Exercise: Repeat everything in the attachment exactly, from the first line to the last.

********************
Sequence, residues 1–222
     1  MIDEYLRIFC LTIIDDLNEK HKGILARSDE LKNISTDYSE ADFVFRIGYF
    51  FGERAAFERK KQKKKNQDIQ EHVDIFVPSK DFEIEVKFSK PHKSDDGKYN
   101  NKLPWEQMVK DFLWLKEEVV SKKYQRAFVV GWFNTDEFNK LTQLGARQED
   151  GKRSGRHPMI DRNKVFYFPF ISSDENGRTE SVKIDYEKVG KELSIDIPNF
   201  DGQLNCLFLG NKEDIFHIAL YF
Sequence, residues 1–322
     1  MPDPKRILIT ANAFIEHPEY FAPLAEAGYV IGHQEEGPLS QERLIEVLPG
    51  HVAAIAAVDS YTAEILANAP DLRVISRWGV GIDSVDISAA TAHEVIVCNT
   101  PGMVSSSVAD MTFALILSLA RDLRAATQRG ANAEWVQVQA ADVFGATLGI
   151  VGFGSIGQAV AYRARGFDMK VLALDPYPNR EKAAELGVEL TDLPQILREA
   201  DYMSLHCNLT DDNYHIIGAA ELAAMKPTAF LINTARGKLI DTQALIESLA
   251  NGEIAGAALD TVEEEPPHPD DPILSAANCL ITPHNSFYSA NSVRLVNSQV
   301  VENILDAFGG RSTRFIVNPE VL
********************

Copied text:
Sequence, residues 1–222
     1  MIDEYLRIFC LTIIDDLNEK HKGILARSDE LKNISTDYSE ADFVFRIGYF
    51  FGERAAFERK KQKKKNQDIQ EHVDIFVPSK DFEIEVKFSK PHKSDDGKYN
   101  NKLPWEQMVK DFLWLKEEVV SKKYQRAFVV GWFNTDEFNK LTQLGARQED
   151  GKRSGRHPMI DRNKVFYFPF ISSDENGRTE SVKIDYEKVG KELSIDIPNF
   201  DGQLNCLFLG NKEDIFHIAL YF
Sequence, residues 1–322
     1  MPDPKRILIT ANAFIEHPEY FAPLAEAGYV IGHQEEGPLS QERLIEVLPG
    51  HVAAIAAVDS YTAEILANAP DLRVISRWGV GIDSVDISAA TAHEVIVCNT
   101  PGMVSSSVAD MTFALILSLA RDLRAATQRG ANAEWVQVQA ADVFGATLGI
   151  VGFGSIGQAV AYRARGFDMK VLALDPYPNR EKAAELGVEL TDLPQILREA
   201  DYMSLHCNLT DDNYHIIGAA ELAAMKPTAF LINTARGKLI DTQALIESLA
   251  NGEIAGAALD TVEEEPPHPD DPILSAANCL ITPHNSFYSA NSVRLVNSQV
   301  VENILDAFGG RSTRFIVNPE VL